Trim Castle is located on the southern side of the River Boyne in Trim, County Meath, Ireland. This fortification is a unique example of Norman architecture and is the largest Norman castle in Ireland, with an area of approximately 30,000 square meters. In the Irish language, the castle is called Caisleán Bhaile Atha Troim.
It was built at the end of the 12th century over a period of 30 years, by Hugh de Lacy, Lord of Meath, and his son Walter to serve as a central settlement (or caput baroniae) and administrative center of the Lordship of Meath. The castle was also used as a headquarters for Norman knights.
The site for the castle was chosen because the place is on raised ground, and in Medieval times, the area was navigable by boat up the River Boyne, about 25 miles from the Irish Sea. Now parts of the castle are in ruins.
During the Norman invasion of Ireland, King Henry II of England granted the territory of Meath to Hugh de Lacy. That meant that Henry II would let de Lacy hold it, provided he could conquer it in the first place.
In the beginning of 1172, the king allowed de Lacy to take royal troops into Meath, where they attacked and burned the monastic towns of Fore and Killeigh. Thus new administrative areas of Ireland were created by Henry II. One of the areas was the Lordship of Meath and, in accordance with his agreements with the king, Hugh de Lacy took possession of the territory later in the year 1172.
Soon he started to build a vast stronghold. The castle was designed as a ring stone structure defended and surrounded by strong double walls and an external channel on top of the hill. It is believed that there were more defenses around the structure. The remains of the stone-footed wooden gatehouse can be seen under the present-day stone gate on the western side of the castle. The upper stories of this stone tower have a semi-octagonal shape.
de Lacy left Ireland for a time and entrusted the castle to his loyal man Hugh Tyrell, Baron of Castleknock, who was one of his chief lieutenants. The castle was attacked and parts of it were burnt by the troops of the Gaelic High King of Ireland, Ruaidri Ua Conchobair. Tyrrel was unable to defend the castle because he had no troops.
He escaped, leaving the castle to Ua Conchobair, who soon withdrew. de Lacy took back his property and quickly started to rebuild the castle in 1173. His son Walter continued the rebuilding effort and finally completed the castle in 1224.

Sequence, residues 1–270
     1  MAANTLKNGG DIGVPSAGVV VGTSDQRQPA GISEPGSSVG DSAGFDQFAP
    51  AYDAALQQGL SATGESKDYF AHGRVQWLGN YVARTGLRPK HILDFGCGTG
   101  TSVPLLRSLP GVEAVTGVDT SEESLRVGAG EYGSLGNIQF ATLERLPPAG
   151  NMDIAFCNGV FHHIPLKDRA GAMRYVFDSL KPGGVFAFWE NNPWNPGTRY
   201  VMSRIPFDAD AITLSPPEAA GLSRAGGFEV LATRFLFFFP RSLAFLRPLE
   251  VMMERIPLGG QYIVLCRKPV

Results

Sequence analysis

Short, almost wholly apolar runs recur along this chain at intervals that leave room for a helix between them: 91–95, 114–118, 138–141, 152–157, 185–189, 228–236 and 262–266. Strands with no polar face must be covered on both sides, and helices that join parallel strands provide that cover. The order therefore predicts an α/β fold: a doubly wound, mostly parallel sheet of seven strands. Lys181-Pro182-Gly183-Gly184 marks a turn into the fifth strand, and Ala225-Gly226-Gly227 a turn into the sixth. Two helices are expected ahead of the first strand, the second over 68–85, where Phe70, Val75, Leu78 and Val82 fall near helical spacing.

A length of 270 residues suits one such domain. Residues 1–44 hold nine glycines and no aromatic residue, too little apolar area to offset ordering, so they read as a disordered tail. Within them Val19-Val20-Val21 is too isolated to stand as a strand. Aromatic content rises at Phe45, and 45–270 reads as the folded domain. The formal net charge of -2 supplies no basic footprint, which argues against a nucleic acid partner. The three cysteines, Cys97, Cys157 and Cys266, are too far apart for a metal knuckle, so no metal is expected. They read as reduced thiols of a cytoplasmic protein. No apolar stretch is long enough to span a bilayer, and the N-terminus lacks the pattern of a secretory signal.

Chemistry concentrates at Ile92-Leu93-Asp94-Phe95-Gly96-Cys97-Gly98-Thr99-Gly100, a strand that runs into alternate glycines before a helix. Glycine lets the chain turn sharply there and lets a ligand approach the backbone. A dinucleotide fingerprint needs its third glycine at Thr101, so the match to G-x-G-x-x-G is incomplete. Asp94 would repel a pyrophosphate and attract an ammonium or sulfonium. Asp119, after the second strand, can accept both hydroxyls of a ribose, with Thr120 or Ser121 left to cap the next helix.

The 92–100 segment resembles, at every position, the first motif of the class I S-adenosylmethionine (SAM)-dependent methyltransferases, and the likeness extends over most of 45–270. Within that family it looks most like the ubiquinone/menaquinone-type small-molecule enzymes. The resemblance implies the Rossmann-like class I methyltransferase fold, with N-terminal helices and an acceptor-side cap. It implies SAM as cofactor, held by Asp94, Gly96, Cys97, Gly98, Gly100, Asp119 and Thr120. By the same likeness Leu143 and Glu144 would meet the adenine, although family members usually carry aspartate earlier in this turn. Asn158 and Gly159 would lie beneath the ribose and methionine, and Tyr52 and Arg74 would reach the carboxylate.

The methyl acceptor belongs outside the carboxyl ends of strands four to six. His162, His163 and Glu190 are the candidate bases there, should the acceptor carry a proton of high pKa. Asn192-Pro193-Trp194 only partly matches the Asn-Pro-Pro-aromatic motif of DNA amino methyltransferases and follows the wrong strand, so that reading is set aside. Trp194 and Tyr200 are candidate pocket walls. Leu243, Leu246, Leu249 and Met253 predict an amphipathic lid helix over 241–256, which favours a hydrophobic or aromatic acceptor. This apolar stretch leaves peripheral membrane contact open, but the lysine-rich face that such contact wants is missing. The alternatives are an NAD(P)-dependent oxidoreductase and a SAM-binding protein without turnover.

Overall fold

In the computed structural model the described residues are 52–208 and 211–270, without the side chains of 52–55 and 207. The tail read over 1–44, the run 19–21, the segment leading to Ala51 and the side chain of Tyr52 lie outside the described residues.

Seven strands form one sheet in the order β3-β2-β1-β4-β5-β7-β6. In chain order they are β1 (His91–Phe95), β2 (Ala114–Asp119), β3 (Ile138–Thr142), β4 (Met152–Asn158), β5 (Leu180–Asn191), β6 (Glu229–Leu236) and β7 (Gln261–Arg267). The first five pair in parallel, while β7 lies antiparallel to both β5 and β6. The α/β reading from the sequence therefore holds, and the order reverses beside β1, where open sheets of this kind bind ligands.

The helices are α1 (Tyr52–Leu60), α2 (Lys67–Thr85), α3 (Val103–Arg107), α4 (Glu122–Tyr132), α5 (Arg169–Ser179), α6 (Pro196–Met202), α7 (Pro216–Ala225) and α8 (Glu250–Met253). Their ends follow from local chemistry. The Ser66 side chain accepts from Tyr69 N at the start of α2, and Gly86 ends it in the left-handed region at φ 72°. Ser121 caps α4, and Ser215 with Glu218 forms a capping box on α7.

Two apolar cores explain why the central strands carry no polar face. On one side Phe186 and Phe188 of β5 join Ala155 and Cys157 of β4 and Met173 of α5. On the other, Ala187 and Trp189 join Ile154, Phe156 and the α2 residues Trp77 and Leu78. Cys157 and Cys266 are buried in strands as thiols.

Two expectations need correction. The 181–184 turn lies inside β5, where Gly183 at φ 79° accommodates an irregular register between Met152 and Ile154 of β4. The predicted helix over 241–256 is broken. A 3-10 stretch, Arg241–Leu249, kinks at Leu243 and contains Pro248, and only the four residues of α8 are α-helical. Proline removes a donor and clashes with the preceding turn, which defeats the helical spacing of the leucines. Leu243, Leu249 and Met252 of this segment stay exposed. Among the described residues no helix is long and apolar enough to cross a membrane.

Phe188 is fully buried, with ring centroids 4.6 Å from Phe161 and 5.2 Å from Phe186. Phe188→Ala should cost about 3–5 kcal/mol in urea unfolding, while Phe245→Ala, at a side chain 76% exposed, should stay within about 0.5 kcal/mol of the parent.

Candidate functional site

Later, at the end of the 13th century and the beginning of the 14th century, the castle was reconstructed by the descendants of Walter de Lacy. A new great hall with a chamber under the ground and solar (a type of castle room, usually living quarters) on the upper floor in the radically modified curtain tower was built. Also, a new outer defense building was attached to the keep for maximum protection of the entrance. Stables were added too.
During the 15th century, the Irish Parliament met in the castle seven times. In 16th and 17th century, the castle’s importance diminished and it was left to decay. But, in the 1640s, during the Irish Confederate Wars, the castle was refortified and was seen as a potentially important military site. In 1649, after the sacking of Drogheda, the garrison of Trim left and went to join other Irish soldiers. The castle was captured by the army of Oliver Cromwell.
After the wars, it was granted to the Wellesley family. Through the centuries it had several owners and finally, in 1993, the last private owner sold the buildings and property to the State of Ireland.
The castle is famous around the world for its unique structure and history. The central three-story keep has a cruciform shape (rare for Norman castles) with twenty corners. It was built on a previous ring-shaped fortification. There are several rectangular towers and two main gates. It is also famous for being a location where some scenes from the movie Braveheart were filmed. The castle is open to public visits and there are several ongoing projects dedicated to its conservation and restoration.